Miraculous Macaroni and Cheese: You and your kids will not be able to believe how simple this dish is to make! It truly is miraculous! You may need to help them with the handling of a hot casserole dish.
Garden Quichelettes: These are such a fun little meal to make and you can use whatever you’ve got knocking around as fillings. Let the kids to all the mixing, pouring, and even chopping (with supervision).
Other Cooking/Food Activity Ideas
If you are looking for a way to keep your kids occupied in a productive manner, I am a HUGE fan of the Raddish Kids Cooking Club (affiliate). These monthly cooking kits are interactive, fun, contain delicious recipes you actually want to eat, and really do teach essential cooking skills.
The Spice Game
When my kids were really little and wanted to hang out with me in the kitchen we would play the spice game. I would let them pull out all the spices to smell and, if it was one that would be fun to taste (not too spicy or bad tasting when raw), I would put a tiny bit onto their hands for them to lick. They thought it was tons of fun and I got to teach them about lots of different flavors.
“Cooking” for Toddlers
Give them a big bowl and then smaller bowls with water, flour, spices you don’t care about, anything else you think might be fun, and let them mix. In the past my kids have also thrown in condiments and food coloring. A fun, and contained, mess.
A friend suggested this as a meaningful activity that I am hoping to do with my own kids. We are living through a historic moment that has big feelings and dramatic changes to our regular routines associated with it, but life also just continues. So have your kids journal (if they are too young to write they could draw) about what their days are like—what are they doing to stay busy, what are their thoughts and feelings about what is happening, what questions do they have. Doing this will help them to process, but will also be something they can look back on years from now to remember what they lived through.
If your kids aren’t big writers, another way to do the same thing as described above would be to create video journals where they talk to the camera or interview each other each day.
Make a Movie
Once when my cousins were house-bound during a hurricane they spent hours and hours making hilarious movies with their stuffed animals. Your kids could do this too!
Getting outside is going to be key to maintaining our sanity (we’re planning on scheduling this into our days), but my kids also like to exercise with me, which is something we don’t often have time for during normal life. So I am planning on inviting them to join me when I do YouTube workout videos (I really like PopSugar and MadFit videos, no connection to these channels, just like their videos). It will get some energy out and keep us all strong.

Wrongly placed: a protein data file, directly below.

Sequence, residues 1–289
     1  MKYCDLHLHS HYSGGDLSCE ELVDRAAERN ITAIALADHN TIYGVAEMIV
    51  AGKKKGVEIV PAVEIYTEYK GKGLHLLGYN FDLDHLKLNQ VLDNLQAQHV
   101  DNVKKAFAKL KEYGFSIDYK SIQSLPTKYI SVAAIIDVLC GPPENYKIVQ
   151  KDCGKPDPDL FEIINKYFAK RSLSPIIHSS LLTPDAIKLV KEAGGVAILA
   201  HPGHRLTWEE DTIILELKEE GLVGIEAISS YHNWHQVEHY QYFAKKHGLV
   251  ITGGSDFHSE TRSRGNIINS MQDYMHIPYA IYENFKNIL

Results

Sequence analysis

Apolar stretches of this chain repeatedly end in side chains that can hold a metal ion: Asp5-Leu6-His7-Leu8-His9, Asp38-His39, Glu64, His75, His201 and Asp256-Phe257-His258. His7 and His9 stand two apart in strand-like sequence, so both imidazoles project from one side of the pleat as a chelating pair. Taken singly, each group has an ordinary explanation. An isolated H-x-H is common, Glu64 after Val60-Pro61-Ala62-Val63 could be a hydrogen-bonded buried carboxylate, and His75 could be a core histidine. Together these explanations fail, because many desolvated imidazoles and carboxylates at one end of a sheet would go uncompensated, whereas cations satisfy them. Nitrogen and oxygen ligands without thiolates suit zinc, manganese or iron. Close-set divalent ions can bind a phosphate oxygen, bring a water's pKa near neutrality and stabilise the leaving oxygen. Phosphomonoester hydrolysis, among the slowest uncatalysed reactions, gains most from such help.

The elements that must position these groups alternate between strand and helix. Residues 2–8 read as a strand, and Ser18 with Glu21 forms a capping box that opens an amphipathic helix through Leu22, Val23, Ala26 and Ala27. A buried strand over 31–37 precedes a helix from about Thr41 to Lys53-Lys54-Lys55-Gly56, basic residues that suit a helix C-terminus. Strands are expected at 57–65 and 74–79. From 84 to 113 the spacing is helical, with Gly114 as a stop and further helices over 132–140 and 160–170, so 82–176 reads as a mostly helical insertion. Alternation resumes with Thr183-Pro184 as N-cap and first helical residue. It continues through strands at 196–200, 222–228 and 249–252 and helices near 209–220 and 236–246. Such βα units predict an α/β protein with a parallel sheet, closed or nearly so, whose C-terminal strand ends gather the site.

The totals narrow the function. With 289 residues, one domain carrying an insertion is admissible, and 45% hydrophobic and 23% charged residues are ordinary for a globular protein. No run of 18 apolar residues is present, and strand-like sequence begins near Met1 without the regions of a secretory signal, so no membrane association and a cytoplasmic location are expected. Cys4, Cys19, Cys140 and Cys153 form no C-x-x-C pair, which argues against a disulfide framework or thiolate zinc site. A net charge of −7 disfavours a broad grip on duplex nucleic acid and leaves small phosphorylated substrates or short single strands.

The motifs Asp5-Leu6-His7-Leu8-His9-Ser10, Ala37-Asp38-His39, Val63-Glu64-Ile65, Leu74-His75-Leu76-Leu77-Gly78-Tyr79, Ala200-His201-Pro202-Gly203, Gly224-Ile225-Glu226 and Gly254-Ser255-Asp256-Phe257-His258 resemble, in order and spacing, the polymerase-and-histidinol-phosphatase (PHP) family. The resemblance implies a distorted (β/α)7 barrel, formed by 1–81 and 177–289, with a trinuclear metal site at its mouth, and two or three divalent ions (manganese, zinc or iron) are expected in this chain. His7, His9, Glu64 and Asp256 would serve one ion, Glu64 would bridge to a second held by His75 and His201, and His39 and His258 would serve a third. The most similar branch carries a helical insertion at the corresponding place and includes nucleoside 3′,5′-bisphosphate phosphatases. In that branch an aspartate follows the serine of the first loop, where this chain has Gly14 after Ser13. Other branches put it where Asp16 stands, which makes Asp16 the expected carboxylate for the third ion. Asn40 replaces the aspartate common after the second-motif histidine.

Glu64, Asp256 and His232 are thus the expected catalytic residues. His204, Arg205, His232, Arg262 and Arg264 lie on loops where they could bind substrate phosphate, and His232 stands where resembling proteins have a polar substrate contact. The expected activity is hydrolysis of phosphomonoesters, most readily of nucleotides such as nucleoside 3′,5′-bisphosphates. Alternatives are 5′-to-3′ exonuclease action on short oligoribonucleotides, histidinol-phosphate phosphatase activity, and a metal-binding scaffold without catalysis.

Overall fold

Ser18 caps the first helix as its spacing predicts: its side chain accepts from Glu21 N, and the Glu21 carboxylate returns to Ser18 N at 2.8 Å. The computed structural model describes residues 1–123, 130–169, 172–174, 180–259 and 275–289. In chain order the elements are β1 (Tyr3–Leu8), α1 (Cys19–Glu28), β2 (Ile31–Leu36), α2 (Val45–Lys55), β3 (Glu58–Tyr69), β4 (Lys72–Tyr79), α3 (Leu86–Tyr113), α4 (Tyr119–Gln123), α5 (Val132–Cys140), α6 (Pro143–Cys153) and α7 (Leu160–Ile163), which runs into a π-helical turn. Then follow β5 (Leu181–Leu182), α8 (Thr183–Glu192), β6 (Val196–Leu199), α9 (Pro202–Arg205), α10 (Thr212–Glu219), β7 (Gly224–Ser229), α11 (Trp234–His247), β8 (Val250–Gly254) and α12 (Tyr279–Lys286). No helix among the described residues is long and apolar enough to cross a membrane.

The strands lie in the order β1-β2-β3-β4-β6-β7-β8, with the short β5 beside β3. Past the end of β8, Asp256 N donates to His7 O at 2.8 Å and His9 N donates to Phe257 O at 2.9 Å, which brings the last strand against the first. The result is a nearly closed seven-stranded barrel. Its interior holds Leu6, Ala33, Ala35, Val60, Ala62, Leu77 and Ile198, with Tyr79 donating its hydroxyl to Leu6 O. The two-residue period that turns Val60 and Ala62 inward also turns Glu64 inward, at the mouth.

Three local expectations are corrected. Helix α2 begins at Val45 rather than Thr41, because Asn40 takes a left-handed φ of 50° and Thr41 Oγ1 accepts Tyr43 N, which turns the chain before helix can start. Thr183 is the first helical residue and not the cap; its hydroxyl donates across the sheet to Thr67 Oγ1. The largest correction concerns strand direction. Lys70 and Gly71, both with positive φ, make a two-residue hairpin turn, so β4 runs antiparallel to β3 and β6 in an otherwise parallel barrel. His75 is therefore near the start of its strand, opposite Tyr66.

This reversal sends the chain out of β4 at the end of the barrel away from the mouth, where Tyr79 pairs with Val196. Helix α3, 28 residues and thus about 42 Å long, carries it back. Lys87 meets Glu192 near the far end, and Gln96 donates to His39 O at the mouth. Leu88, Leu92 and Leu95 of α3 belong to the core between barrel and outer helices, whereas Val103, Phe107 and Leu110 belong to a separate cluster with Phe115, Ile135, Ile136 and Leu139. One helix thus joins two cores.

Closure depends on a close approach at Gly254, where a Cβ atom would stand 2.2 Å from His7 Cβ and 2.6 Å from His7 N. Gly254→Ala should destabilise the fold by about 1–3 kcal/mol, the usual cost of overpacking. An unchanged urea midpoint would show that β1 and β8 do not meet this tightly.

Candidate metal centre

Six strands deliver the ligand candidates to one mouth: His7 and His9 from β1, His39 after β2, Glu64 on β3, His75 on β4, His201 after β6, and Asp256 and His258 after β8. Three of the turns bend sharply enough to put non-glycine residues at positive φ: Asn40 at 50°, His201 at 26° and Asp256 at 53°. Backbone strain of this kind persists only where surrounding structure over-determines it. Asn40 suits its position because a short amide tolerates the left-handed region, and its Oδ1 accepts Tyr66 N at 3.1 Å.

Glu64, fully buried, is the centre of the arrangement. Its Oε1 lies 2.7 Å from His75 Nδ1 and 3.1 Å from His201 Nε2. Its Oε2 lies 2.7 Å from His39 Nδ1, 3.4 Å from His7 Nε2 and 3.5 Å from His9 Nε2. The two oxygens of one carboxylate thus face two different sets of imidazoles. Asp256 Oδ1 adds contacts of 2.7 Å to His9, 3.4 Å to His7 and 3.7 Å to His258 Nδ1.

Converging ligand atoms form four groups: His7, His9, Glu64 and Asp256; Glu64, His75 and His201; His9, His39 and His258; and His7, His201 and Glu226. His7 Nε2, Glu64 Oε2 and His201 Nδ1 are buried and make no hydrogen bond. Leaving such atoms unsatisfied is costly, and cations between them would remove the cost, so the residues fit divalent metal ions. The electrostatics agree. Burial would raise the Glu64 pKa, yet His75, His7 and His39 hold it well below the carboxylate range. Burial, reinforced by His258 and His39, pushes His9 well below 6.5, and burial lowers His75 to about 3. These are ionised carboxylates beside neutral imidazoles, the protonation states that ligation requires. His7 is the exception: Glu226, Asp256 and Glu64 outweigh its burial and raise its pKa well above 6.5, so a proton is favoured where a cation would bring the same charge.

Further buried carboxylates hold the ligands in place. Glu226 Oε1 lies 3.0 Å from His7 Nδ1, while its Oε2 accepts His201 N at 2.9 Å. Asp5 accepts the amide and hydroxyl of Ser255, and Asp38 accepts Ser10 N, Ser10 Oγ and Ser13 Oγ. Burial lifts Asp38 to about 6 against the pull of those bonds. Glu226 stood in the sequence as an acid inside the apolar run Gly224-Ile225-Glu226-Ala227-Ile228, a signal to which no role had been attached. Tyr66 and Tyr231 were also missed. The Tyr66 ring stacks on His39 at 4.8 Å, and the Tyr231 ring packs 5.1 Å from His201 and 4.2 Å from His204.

A classic. Let them rip that couch apart and build it into something new. I bet you’ll get at least an hour to yourself. Winning.
Another great way to get energy out, be silly, and have fun together.
Scavenger Hunts (indoor or outdoor)
Another fantastic friend suggestion! While we tend to think of these as a search for Easter eggs, scavenger hunts can be done anytime! You can hide things for them to search for (candy, Lego people, playing cards, coins, etc.) or make up a list of types of items to find (a flower blooming, a red car, a book with the word “night” in the title, a photograph of a pet, etc.).
Puzzles can provide hours of fun and, if set up in a special spot in the house, can sit out to be worked on over days.
Family Fun, Too
There will also just be a lot more family time. Here are some ideas for fun activities you can all do together.
My kids (ages 9 and 11) absolutely LOVE this game. It requires a minimum of 4 people, but is a great way to get creative and be silly.
This brilliant suggestion came from a friend. As she says, “anything from Goodnight Moon to Shakespeare.” This is a great way for kids to practice their reading skills at any age.
Do you kids know how to play your favorite card games from childhood yet? How about poker (or when I was about 12 my parents taught my brother and me Bridge)? Or just pull out a family favorite!
A playground classic that can easily be replicated on your driveway with chalk. You could even have family tournaments! If you need help agreeing on the rules, here is an overview.
As I said at the beginning, I really hope that this list of ideas of what to do with your kids during self-quarantine or and social distancing will be a living resource for everyone as we try to stay sane and safe during this crazy time, so please do share your ideas in the comments so we can all learn from one other and if I come up with more ideas, I’ll also add them to this post.